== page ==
6. No ID Required for Domestic Flights
It wasn’t that long ago that passengers were allowed to walk on a flight without any ID check. A ticket agent might glance at your boarding pass to make sure you were getting on the right plane, but there was little to no security verifying you were who you said you were. Passenger screenings were instilled in 1973, so before then, you could simply show up at the airport about a half hour before take-off, and friends could walk you to your gate to see you off. Times have changed.
7. Rampant Racism
Before we look back to the past through rose colored glasses, remember that there wasn’t a lot of diversity in the skies back in that era. The stark reality is that really only white people took airplanes, mostly due to cultural and economic barriers. With a median 1950s income of just $1,471, the average African American simply couldn’t afford the luxury to fly. Even if they could, remember the 1950s and 1960s were a time of racial segregation, and if black people weren’t permitted to sit next to you on a bus, they sure weren’t welcome to sit next to you on a plane. Especially in the American south, discrimination was widespread and most airport facilities were segregated, so even if a “colored” person could afford to fly, most chose not to. If you saw a black man at the airport back then, chances are he was a porter. Apparently the airlines used to train their telephone operators to pick out African-American voices so they could try to keep them away from white passengers. It’s disgraceful to even think about this now, but before you get all nostalgic for the golden age of travel, don’t forget about this racist aspect. Things started to change in 1958 when Ruth Carol Taylor became the first black stewardess for Mohawk Airlines, and in 1965 when pilot Marlon D. Green won a suit against Continental Airlines. It wasn’t until 1994 that Patrice Clarke Washington became America’s first female Black commercial airline captain. The wheels of progress move slowly.
8. Stewardess Weigh-Ins, Mandatory Girdles and Other Affronts
Back in the day, being a stewardess was a highly glamorous job, almost akin to being a model or movie star today. However, airline recruitment practices for these coveted “air hostess” positions were a cringeworthy feminist nightmare by today’s standards. Depending on the airline, they were looking for single women between the ages of 21 and 27, with a “neatly proportioned figure” and “pleasing appearance.” Some airlines specified that their recruits be between 105 and 135 pounds, and would make them weigh-in. There would be girdle checks. Hair, makeup and nail care were part of the training curriculum. TWA bragged that they only picked 3 per cent of the applicants, due to their stringent beauty requirements. There was a whole ad campaign bragging about how the average tenure of a United stewardess was only 21 months before she found a husband (as if that’s the ultimate goal for a gal).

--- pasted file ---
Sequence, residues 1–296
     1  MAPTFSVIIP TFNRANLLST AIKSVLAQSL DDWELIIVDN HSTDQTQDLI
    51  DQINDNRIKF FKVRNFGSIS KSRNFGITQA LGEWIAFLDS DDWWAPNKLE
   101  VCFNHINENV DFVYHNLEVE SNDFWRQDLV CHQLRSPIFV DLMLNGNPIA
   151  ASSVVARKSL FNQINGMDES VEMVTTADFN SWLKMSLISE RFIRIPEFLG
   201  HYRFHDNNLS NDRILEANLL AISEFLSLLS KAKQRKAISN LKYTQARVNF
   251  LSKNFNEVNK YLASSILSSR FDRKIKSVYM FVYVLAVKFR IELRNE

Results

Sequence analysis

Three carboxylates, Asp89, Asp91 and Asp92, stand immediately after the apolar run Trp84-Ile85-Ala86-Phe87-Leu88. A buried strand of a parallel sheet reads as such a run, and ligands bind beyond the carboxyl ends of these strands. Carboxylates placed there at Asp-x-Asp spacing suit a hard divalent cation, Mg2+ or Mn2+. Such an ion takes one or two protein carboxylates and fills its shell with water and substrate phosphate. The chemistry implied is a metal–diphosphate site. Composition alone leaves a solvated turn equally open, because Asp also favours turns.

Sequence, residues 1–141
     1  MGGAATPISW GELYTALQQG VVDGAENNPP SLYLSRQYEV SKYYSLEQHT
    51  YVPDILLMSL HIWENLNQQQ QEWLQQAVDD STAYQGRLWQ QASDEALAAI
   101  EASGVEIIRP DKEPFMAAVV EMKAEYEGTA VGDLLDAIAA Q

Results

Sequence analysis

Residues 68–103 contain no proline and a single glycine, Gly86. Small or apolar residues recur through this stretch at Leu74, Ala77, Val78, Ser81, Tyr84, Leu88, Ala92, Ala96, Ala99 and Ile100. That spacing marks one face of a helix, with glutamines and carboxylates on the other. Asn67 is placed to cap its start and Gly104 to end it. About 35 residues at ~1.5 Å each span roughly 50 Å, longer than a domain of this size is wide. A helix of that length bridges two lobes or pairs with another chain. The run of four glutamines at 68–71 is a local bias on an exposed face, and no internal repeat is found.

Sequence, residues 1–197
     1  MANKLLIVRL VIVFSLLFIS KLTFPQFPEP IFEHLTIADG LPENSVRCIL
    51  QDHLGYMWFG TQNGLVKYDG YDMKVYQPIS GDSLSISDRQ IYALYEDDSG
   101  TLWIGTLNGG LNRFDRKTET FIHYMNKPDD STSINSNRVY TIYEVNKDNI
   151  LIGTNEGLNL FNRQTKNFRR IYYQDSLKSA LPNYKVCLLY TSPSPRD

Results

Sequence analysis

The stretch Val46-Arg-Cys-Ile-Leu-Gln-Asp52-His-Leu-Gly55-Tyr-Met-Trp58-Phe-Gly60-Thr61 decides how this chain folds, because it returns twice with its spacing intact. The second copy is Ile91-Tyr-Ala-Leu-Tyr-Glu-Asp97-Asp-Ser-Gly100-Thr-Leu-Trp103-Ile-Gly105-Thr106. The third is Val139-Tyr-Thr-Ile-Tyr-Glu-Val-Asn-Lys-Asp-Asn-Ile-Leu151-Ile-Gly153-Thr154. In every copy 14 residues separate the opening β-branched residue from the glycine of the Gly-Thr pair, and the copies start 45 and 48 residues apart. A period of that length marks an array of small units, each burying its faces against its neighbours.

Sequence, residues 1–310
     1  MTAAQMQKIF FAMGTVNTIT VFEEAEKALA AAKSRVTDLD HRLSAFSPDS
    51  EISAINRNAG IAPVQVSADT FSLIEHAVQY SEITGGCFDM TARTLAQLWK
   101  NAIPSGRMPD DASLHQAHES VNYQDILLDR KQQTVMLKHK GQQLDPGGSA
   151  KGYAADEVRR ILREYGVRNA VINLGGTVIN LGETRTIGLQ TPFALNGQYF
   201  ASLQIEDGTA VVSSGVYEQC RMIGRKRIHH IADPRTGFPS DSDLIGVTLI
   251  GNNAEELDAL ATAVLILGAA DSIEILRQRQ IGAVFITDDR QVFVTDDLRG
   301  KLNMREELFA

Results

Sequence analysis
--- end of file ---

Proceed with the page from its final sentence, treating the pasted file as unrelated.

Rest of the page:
9. Sexist Ads
Can you believe some of the advertising that was put out during that so-called golden era of air travel? We all know sex sells, but they really pushed that concept back in the 1950s and ’60s. Ad agencies must have grabbed hold of the idea that the majority of airline passengers were male (some estimate up to 80 per cent in the late 1960s), so they packaged up the pretty air hostesses like alluring geishas of the sky.
10. Damn, the Food Was Good Though
The quality of airline food has been a legitimate complaint for decades, but you have to admit some of the first class offerings back in the glory days were impressive. White glove service on crisp linens, bone china and crystal glassware. Steaks cooked to order, individually tossed salads and eggs whipped up fresh on demand. Extensive menu options with seven courses, including items like lobster thermidor, chateaubriand and table-side carved roasts. Can you imagine those carving knives on today’s flights?
11. And Look at that Legroom!
Back in the 1950s, economy class seats had about three to six inches more legroom than today’s sardine-packed planes. Coach was almost as roomy as business class is now. As for first class, that was really spacious. Today’s first class offerings are still pretty swish, but coach has really gone downhill.